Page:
June 20, 2018
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How global supply problems led a Maine ice cream maker to stop offering vanilla

Gabor Degre | BDN
Gabor Degre | BDN
Sarah Wilder is co-owner of Wild Cow Creamery, Aug. 15, 2016. She said that the rising cost of vanilla is causing some problems for Maine's ice cream makers. Some like Linda Parker, the owner of Mount Desert Ice Cream, are not making or selling vanilla ice cream because of the vanilla supply crisis.
By Abigail Curtis, BDN Staff

Asking an ice cream shop owner to name their favorite flavor feels a little like asking a parent to name a favorite child — it’s just not a nice thing to do.

But Linda Parker, the owner of Mount Desert Ice Cream, doesn’t mind spilling the beans. Her very favorite kind of ice cream is vanilla, that essential flavor that transcends its unearned reputation for being bland or boring. And yet this summer Parker does not plan to make or sell vanilla ice cream in her shops in Bar Harbor, Portland, or her brand-new store that soon will open in Washington, D.C.

“It’s a variety of factors that have all come together to make a perfect storm,” she said. “This has affected the whole vanilla market … beans used to be $100 per pound, with about 100 beans in a pound. It’s gone up to about $450. And there’s a lot of talk of there being no beans for sale at all.”

The vanilla supply crisis is a global situation that has local repercussions, and has been developing for a while now. Last year, many Maine ice cream makers already were struggling to cope with a steep price spike and diminished availability of the popular spice. Back then, none went so far as to discontinue production of vanilla ice cream.

As it happens, there’s really nothing simple about vanilla. Pods grow from orchids that are pollinated by human hand and take about three years to mature and produce beans. Vanilla is grown in places that include Tahiti and Mexico, but most of the world’s high-quality vanilla beans come from Madagascar, the island nation off the southeast coast of Africa.

Over the last several years, there has been upheaval in that country’s vanilla supply. Beginning in 2005, there was more vanilla on the market than buyers for the bean, and the prices dropped down and stayed there until 2014. Many farmers who weren’t making enough on their crops burned their vanilla vines and switched to growing other things.

This eventually led to a vanilla shortage, and with the shortage, prices shot up, according to Patricia Rain of the Vanilla Company, a California-based retail and wholesale vanilla business.

She said that the sharp price increase led to a “feeding frenzy” for vanilla beans, with some speculators allegedly using money from selling illegally harvested rosewood buying a year’s worth of the vanilla crop and selling it at inflated prices.

Then, in March of 2017, a cyclone devastated vanilla growing regions on the island. That caused more price spikes, decreased supplies and even some rationing by distributors. The situation also has led to turmoil and unrest on the island, and has been connected to crime and forest destruction.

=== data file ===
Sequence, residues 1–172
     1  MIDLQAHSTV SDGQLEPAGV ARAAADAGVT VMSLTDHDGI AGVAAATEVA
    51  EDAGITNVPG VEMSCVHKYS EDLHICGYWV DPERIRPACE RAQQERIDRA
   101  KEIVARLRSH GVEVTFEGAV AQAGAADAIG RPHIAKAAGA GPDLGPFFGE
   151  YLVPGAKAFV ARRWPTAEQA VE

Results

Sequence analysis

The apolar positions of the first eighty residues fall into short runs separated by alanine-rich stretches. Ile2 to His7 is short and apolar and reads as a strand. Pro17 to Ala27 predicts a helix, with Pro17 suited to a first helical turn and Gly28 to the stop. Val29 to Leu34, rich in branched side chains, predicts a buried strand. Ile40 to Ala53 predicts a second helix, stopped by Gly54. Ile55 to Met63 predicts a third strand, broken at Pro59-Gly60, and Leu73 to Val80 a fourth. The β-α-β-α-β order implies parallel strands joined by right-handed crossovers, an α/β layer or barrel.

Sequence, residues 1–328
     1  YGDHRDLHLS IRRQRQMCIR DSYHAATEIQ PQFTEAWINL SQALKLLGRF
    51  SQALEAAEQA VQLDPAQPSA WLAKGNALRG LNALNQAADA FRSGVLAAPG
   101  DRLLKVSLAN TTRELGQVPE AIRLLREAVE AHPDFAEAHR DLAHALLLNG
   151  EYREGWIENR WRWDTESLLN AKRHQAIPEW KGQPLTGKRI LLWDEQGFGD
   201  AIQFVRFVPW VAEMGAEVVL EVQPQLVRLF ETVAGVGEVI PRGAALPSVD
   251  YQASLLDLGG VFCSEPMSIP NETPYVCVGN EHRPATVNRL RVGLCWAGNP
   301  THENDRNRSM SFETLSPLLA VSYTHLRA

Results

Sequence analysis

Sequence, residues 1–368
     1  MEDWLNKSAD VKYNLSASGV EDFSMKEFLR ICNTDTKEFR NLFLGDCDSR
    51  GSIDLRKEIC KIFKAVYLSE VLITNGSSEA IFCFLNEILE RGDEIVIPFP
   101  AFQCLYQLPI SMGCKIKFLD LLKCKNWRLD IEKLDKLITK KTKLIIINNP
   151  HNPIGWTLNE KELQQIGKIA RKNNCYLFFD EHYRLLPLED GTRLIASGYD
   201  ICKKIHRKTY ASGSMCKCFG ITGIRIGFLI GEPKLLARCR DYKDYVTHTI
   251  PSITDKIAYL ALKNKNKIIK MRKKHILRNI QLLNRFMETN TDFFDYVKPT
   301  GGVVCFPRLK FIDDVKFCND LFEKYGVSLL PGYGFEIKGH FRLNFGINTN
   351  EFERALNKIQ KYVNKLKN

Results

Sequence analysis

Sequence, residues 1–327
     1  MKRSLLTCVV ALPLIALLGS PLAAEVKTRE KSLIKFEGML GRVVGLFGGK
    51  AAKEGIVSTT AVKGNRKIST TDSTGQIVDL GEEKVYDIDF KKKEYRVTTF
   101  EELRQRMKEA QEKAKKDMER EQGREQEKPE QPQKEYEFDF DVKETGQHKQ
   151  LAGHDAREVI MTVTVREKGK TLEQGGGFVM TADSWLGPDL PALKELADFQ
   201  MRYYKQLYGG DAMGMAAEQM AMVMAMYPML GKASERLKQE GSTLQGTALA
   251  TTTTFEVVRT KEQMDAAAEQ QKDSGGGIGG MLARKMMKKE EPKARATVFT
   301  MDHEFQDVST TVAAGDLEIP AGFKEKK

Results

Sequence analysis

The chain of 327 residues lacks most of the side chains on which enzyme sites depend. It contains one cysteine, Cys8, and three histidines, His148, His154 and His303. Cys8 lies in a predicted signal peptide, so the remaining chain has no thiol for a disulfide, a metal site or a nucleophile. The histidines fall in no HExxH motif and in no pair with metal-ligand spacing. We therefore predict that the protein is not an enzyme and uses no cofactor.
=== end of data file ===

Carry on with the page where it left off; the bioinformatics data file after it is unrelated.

That’s just what’s happening in Madagascar, Parker said. Other factors affecting the global supply include the artisanal food movement. Larger producers of ice cream and baked goods have switched to real vanilla from the artificial vanilla flavoring they had been using, she said.

“The movement has put pressure on people to re-evaluate how they are making their products,” she said. “The demand became so high.”

To produce six gallons of vanilla ice cream, she uses from 10 to 12 vanilla beans, and those have become too hard to put her hands on right now. Vanilla is not, however, something she uses in a lot of her ice cream flavors, including the local favorite, salted caramel.

“I prefer to use a sweet cream base instead of a vanilla base,” she said. “We generally only use vanilla beans in vanilla.”

But Parker isn’t the only Maine ice cream maker to be affected by the ongoing problems, of course. Sarah Wilder of Wild Cow Creamery, with locations in Belfast and Bangor, said that they will still make old-fashioned vanilla, though will not offer their Tahitian vanilla flavor as much this summer. The spice is important at her store, too, and finds its way into many of her offerings — but that is likely to change this year. Still, she hopes that in a few years, the supply situation will correct itself.

“It’s a three-year crop, so it takes a while for new farmers to have something that’s harvestable,” Wilder said, adding that the vanilla crisis isn’t the most ominous thing she’s heard about. “There’s also a looming potential for a chocolate crisis at some point. They’re saying that global warming is hitting chocolate hard. People take vanilla for granted, but if you tell people chocolate might disappear, they’ll get more upset. Even though I think they might miss vanilla more.”

Kathy Chamberlain, who makes super-premium Stone Fox Farm Ice Cream in Monroe, said that the vanilla price spike has led her to consider something that she once would have thought unthinkable: using artificial vanilla extract. She puts vanilla in a lot of her ice cream options, including chocolate, strawberry and espresso bean, and considers it to be a critical enhancer that rounds out the flavor.

Cook’s Illustrated, a prominent cooking magazine that performs extensive recipe testing, concluded in 2009 that — in baking, at least — there’s no difference between real and artificial vanilla extract.

“We don’t skimp on any of our other ingredients,” Chamberlain said. “For me, it would be a step backwards. However, if I can get the same taste, I might.”

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